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The Difference between Next.js and React?

In this post, we take a look at the difference between Next.js and React and discover the pros and cons of each approach.
Joel Olawanle

Joel Olawanle

Mar 22, 2022

One of the first decisions a developer or CTO makes before starting a project is deciding which technology to utilize, as this is critical to the project's success. When choosing a software library or framework, what it's like for developers to complete a certain project (the developer experience) is usually taken into account.

Libraries or frameworks that are exciting and straightforward to use are frequently selected by developers. This is one of the primary reasons why some libraries and frameworks become so famous and extensively utilized by so many developers. As a result, React and Next.js have become two of the most popular front-end web development technologies today, responsible for shaping our online experience as the standard tools used to construct user interfaces.

In this blog post, we will examine these two technologies to understand what they do, their pros and cons, the key differences between them, and then explore their use cases, so you can eventually decide which one to utilize for your projects.

#A Brief Introduction to Next.js

Next.js is a framework created by Vercel (formerly Zeit). It is open-source, built using Node.js and Babel, and connects with React to create single-page apps. This allows you to create static web apps and makes server-side rendering incredibly simple, regardless of where your data comes from.

It is a React framework, which means it works on top of React.js or it makes use of the many popular React library’s capabilities to quickly construct software applications. It has a lot of important features, such as a preview mode, building size optimization, static export, and pre-rendering.

Next.js has two types of pre-rendering to manage how data is fetched for optimal speed, these are:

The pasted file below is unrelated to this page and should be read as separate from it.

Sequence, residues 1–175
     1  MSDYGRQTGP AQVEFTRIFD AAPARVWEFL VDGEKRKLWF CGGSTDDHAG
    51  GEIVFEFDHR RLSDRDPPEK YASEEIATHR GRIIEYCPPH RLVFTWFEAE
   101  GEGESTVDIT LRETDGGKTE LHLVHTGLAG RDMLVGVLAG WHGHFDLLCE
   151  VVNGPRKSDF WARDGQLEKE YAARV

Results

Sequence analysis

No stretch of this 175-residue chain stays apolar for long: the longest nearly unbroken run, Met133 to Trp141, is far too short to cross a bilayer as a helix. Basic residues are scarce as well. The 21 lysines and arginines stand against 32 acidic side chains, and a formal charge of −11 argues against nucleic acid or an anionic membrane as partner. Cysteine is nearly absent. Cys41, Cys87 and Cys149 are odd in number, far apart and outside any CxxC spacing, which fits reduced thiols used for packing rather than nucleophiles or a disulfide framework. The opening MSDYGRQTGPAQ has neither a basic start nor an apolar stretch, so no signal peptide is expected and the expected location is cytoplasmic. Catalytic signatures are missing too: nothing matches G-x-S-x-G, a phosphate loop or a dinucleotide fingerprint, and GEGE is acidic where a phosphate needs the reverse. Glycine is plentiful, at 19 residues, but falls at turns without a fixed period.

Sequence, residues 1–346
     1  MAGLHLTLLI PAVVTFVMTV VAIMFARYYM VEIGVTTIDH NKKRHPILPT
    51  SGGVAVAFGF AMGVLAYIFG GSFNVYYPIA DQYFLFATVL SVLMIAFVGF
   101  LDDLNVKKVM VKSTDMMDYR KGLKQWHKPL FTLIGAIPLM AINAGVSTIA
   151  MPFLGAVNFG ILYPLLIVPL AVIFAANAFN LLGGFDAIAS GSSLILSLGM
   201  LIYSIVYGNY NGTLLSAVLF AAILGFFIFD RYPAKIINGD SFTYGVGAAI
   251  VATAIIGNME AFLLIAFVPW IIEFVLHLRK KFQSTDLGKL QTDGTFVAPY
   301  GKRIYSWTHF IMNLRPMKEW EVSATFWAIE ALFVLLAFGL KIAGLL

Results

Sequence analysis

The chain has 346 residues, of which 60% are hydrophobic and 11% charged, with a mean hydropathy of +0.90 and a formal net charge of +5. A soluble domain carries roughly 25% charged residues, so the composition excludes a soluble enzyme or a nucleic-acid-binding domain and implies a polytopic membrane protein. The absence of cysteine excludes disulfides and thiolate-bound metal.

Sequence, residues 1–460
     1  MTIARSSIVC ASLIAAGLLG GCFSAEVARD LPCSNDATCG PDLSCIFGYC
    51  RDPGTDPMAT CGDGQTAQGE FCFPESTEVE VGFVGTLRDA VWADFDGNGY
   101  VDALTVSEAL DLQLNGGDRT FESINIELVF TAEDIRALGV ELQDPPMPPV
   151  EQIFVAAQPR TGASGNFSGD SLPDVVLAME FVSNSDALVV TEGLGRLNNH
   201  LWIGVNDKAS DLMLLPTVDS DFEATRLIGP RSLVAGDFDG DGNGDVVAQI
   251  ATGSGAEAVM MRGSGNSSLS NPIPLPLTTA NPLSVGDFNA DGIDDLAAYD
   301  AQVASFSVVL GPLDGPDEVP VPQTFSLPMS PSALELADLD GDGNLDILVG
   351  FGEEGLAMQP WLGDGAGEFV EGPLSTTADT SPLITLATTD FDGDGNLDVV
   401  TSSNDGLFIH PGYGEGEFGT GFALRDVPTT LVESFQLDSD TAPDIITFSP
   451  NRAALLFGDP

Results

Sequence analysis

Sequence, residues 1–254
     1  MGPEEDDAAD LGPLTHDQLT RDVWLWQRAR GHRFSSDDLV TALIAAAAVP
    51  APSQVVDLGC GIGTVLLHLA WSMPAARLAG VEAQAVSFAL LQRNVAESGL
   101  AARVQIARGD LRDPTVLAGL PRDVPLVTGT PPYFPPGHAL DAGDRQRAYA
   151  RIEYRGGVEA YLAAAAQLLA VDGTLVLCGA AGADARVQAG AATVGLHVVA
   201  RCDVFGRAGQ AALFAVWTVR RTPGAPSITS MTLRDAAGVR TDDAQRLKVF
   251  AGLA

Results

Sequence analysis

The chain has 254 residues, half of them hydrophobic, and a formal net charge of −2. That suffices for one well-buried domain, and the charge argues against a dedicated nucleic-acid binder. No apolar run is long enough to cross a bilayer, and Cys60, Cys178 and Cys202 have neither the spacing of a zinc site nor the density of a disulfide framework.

• Server-side Rendering (SSR) enables the retrieval and rendering of data at the time of the request, resulting in clients receiving a completely drawn page on demand rather than having to wait several seconds for individual elements to load.

  • Static generation uses data that is already available at build time before the request is performed; this is especially useful when data is publicly cached or pre-rendered for SEO purposes.

You can read more on Server-side Rendering (SSR) and Static-site Generation (SSG) here.

Overall, the current version of Next.js is something that React has long lacked, as it is largely focused on integration and performance. It also includes a Rust compiler for quicker builds, improved image management, increased SEO crawlability functions, and operational tools to make it even more production-friendly.

The Pros

  • Next.js apps are fast and give a more logical approach to data management due to Server-side Rendering and Static Generation. Native image optimization features improve performance as well.

  • Next.js, applications are easy to create. To build pages, for example, simply add the page to the pages folder and the necessary header component link. This simplifies your life since you write less code, and the project is easier to follow, resulting in better project management.

  • Images are scaled and sent in the best, latest formats, such as WebP, and are tailored to fit into smaller viewports.

  • Vercel, the startup behind Next.js, wanted to make it as simple as possible to deploy React projects. And they succeeded, which means you're only a few clicks away from being ready for deployment.

  • One of the reasons Next.js is so popular among developers is that it supports Typescript.

The Cons

  • Next.js routing system is just a file system, which is insufficient for some tasks but not all. Node.js is the technology to have on hand for creating dynamic routes, therefore developers must be familiar with it.

  • It is modest but expanding by the day as Next.js becomes one of the most popular online building pieces. The skill pool and demand for Next.js developers is growing, which means there are more options for individuals wishing to make a name for themselves in modern application development.